Diploid models of the handicap principle.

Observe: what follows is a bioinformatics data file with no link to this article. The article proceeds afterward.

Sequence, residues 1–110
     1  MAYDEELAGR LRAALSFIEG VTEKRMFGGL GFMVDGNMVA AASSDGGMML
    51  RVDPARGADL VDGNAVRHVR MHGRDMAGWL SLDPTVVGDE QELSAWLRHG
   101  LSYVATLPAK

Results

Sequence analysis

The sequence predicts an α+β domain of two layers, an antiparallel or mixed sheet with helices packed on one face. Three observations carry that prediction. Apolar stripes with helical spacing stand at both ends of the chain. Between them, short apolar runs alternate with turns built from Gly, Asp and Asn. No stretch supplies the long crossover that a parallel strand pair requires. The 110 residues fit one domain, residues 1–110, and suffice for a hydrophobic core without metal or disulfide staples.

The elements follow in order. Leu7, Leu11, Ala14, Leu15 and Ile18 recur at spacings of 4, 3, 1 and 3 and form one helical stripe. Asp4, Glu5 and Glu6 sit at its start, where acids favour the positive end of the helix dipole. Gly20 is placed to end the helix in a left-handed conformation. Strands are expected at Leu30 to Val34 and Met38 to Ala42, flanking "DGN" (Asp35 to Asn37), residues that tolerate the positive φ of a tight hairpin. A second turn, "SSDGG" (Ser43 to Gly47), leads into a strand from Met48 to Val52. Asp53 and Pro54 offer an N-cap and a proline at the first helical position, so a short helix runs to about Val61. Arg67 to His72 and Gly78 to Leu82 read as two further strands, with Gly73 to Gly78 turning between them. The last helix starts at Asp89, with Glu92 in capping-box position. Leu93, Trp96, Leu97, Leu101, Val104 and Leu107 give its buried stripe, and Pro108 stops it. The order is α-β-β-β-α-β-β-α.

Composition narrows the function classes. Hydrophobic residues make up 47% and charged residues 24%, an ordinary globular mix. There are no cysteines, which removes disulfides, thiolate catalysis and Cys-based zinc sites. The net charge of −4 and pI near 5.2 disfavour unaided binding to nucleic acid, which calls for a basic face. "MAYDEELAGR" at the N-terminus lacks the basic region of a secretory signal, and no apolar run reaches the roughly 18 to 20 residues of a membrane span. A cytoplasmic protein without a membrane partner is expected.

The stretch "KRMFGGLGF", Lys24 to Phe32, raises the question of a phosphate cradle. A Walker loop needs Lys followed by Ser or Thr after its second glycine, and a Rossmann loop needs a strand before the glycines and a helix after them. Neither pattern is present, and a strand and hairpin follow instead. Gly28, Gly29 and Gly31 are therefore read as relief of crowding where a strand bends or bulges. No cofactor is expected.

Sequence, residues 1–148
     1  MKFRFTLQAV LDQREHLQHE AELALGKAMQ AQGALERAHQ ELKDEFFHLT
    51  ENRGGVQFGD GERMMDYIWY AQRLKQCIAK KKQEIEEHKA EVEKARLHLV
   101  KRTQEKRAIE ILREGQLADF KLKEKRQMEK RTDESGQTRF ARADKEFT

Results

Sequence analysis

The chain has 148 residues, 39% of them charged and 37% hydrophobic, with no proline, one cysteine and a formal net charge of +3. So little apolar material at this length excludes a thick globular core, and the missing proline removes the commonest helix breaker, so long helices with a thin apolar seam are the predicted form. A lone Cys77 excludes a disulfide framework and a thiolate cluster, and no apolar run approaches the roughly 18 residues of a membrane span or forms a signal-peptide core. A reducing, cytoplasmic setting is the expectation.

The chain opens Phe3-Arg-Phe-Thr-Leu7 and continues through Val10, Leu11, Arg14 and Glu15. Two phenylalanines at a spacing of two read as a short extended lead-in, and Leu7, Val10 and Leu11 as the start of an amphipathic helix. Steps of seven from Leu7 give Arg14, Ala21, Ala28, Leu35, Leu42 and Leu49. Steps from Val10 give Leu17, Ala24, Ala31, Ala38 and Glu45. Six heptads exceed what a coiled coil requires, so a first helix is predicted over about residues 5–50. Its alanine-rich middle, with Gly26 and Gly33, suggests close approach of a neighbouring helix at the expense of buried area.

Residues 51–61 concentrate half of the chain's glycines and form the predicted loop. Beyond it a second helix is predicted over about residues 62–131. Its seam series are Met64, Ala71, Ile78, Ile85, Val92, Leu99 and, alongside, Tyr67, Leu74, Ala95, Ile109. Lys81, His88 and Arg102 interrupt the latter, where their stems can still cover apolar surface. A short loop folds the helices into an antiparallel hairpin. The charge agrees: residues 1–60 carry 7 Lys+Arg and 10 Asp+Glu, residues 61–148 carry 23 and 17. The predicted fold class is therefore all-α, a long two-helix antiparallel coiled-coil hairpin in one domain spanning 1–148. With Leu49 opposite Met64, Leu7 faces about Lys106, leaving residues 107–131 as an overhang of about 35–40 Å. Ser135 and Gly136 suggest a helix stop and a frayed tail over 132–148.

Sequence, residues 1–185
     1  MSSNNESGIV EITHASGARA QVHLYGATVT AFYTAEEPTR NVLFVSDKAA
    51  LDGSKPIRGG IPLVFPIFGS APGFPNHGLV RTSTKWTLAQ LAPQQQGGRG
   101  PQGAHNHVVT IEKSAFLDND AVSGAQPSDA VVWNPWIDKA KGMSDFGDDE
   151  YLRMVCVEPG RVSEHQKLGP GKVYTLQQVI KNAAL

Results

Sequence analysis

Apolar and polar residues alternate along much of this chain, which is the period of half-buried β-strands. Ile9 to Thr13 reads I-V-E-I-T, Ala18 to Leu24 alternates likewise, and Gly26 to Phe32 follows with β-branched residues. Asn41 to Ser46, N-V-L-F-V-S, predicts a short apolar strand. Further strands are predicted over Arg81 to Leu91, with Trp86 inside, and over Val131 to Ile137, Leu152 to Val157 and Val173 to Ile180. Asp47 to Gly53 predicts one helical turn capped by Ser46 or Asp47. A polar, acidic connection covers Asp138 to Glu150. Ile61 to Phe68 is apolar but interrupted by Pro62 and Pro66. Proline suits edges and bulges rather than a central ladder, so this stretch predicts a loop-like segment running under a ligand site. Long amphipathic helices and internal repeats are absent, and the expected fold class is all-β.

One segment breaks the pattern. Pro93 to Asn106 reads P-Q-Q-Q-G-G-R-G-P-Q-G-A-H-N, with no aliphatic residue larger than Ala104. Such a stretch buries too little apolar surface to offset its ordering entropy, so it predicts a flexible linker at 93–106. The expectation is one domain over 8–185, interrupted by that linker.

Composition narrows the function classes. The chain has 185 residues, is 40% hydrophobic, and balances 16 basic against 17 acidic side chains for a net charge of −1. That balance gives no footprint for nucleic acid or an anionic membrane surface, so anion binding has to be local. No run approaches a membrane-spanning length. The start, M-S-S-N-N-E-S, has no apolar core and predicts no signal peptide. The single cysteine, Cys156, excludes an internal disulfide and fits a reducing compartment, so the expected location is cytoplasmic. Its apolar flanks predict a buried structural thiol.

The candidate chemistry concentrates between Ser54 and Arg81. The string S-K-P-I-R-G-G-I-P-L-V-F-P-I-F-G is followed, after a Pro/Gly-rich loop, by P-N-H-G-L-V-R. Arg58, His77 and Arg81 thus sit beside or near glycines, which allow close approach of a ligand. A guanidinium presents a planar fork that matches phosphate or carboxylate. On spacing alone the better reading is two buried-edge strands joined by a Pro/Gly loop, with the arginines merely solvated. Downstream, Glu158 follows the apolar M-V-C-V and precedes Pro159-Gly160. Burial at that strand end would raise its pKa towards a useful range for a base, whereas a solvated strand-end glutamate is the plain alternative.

"Fisherian" models of sexual selection by female choice assume that females prefer male characters which are initially advantageous or neutral; character and preference then spread through the population. Once female preference has evolved to a higher frequency, the male character can become more extreme and disadvantageous by the action of some force such as the "super-normal stimulus". By contrast, the "handicap principle" of sexual selection proposes that females should prefer more extreme, disadvantaged males: males who survive the disadvantage of the "handicap" must be fitter in other respects. Previous models of various forms of the "handicap principle" have shown that it is very unlikely to work as an alternative to the "Fisherian process". However, recent haploid models have shown that a "condition-dependent handicap" might evolve. Diploid models show that the "condition-dependent handicap" model does not work. Models of "handicaps" operating together with the "Fisherian process" are also presented. It is inferred that "Fisherian" models are more likely than "handicap" models to account for the evolution of male sexual ornaments, although a "handicap" mechanism may aid the operation of the "Fisherian process".